The 21st Century will represent the decisive historical period to transform the way we live on this planet. Studies indicate that the planet Earth is approximately 4.6 billion years old. Life may have sprung up in unicellular beings about 3.6 billion years ago. Multicellular creatures appeared about 1 billion years ago.
It was necessary several eras and great turbulences for evolutionary biological
conditions to allow the emergence of our species Homo sapiens about 350,000 years ago in East Africa. The success of our species has brought us to 1 billion representatives in the year 1800 CE. In this century, in 2013 after an exponential growth, we reach 7 billion human beings. This was mainly due to the cultural, scientific and technological evolution that solved several problems of human survival.
Due to the high degree of change in planetary conditions caused by humans, the present geological period is being called Anthropocene. This period is characterized by the growing number of people who from their lifestyles generate so much socioeconomic impact that they alter the balance of the planetary ecosystems beyond the safe limits that are maintaining the conditions of life on the planet.
These disturbing human activities of planetary biophysical systems are derived from patterns of consumption, the rhythm of production from the use of natural resources, types of technologies based on non-renewable energies, and accumulation of residues and toxic elements.
Such human activities cause changes in planetary ecosystems in a rapid, local and global, non-linear manner due to systemic, potentially non-reversible interrelationships and are manifested in the following reference of measurable planetary boundaries, listed here in alphabetical order:
1. Acidification of the oceans (absorption of atmospheric CO2).
2. Change in land use (Amount of remaining forests)
3. Climate change (the increase of greenhouse gases).
4. Depletion of the stratospheric ozone layer.
5. Loss of biodiversity (genetic diversity).
6. Nitrogen and phosphorus load (Amount of fertilizer use)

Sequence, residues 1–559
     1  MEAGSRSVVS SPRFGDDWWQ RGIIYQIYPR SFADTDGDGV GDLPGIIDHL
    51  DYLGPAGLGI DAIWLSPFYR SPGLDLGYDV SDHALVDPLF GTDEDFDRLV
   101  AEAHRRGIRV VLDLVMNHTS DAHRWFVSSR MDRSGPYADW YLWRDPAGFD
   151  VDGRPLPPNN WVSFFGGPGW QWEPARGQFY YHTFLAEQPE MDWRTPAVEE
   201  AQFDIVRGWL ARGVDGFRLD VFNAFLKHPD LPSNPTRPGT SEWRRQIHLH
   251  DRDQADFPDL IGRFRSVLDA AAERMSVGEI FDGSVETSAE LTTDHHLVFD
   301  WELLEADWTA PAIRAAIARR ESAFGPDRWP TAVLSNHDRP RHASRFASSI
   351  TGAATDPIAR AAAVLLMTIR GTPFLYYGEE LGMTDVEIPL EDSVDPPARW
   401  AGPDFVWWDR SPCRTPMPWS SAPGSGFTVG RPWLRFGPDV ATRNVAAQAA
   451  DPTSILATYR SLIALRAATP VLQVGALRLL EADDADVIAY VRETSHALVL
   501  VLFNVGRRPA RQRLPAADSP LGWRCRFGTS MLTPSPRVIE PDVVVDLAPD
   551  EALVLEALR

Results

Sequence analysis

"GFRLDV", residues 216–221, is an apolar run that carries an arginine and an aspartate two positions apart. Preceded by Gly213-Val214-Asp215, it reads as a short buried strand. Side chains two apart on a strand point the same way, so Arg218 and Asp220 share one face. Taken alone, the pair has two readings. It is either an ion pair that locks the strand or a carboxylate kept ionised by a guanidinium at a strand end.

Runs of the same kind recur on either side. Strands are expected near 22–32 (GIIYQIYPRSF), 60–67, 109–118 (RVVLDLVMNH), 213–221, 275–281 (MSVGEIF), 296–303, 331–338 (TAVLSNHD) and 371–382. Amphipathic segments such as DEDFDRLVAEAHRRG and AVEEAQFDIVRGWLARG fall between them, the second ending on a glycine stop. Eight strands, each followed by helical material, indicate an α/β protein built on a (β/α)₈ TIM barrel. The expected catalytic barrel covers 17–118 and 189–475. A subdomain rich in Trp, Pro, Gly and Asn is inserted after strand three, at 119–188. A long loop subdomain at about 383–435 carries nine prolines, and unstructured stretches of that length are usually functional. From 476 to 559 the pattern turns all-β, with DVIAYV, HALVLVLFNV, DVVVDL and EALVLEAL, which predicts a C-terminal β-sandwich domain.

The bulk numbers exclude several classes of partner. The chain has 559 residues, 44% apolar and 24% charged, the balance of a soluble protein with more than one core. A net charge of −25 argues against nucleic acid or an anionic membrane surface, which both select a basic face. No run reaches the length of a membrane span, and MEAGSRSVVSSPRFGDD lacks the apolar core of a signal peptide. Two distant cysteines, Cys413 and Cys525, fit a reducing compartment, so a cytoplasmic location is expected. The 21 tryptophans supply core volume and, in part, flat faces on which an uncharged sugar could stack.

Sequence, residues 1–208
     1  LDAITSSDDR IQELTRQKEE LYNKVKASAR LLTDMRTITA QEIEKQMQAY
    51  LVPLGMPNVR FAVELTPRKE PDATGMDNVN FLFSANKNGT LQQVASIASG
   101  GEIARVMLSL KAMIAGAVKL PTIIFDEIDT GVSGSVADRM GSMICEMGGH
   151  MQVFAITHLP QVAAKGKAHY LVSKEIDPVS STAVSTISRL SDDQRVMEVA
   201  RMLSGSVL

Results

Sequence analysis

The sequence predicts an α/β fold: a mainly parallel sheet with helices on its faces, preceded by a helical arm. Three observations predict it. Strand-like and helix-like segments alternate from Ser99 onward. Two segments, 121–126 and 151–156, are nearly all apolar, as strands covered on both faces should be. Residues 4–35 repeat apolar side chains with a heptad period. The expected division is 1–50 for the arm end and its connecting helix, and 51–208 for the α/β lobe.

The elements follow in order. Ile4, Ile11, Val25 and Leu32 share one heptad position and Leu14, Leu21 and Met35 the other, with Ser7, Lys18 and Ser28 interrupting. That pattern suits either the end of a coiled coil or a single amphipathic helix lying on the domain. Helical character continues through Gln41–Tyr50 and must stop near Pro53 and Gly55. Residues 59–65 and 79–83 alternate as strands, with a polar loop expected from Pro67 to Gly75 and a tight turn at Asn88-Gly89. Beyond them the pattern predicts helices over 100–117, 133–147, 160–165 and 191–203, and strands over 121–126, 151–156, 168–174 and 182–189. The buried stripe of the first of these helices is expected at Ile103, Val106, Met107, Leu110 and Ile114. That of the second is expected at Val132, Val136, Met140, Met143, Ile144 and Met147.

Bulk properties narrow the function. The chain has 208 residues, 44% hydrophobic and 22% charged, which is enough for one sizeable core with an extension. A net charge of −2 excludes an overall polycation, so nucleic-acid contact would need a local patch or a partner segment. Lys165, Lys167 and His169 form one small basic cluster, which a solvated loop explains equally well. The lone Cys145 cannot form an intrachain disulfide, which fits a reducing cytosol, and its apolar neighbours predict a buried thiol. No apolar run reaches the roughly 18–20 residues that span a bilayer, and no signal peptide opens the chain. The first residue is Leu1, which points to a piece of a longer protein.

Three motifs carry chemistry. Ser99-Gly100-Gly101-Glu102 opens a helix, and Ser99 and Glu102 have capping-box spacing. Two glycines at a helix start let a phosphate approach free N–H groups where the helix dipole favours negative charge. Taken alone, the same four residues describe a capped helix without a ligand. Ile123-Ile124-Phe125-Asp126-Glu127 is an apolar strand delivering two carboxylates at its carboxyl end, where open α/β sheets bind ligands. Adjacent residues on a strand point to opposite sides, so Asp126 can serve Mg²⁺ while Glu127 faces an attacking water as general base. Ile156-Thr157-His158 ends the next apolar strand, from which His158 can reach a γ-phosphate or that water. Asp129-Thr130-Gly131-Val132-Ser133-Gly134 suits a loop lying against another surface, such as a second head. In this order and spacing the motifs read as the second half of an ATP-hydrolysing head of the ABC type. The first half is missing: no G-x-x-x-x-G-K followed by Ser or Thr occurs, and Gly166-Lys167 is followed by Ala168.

7. Reduction of drinking water (Depletion of non-renewable reservoirs).
8. Toxic chemical pollution (Chemicals of medicine, agriculture).
A condition well known to humans is the health-disease process. This universal
human experience is being used as a metaphor to speak of the ecosystemic situation of the planet. We can say that the age of the Anthropocene, through human activities are causing the sickness of the planetary ecosystems that result in the impairing of Planetary Health.
These planetary imbalances, in turn, return to humans as symptoms of a diseased planet causing life-threatening environmental changes, such as climate change that causes for example droughts in some places and floods and hurricanes in others. These effects of planetary sickness are undesirable for all, but due to their systemic nature, they are impossible for isolated solution by countries or cities.
A significant challenge of the 21st century will be to obtain support from the countries in the international agreements promoted by the United Nations Conference of the Parties (COP) seeking through diplomatic cooperation to reverse the systemic effects of human activities on Planetary Health.
In addition to this international political effort, it was established a Planetary Health Alliance, that is a consortium of over 120 universities, NGOs, government agencies, research institutes, and other partners committed to the advancement of planetary health has been formed.
The Instituto Ideia Ambiental over 15 years working in nature conservation has
matured the vision of the interaction of humanity with the biosphere. Now focusing on Planetary Health, it promotes the use of technologies that allow sustainable development through the integration of population health, socioeconomic health, and environmental health into the planetary microscale of the municipalities.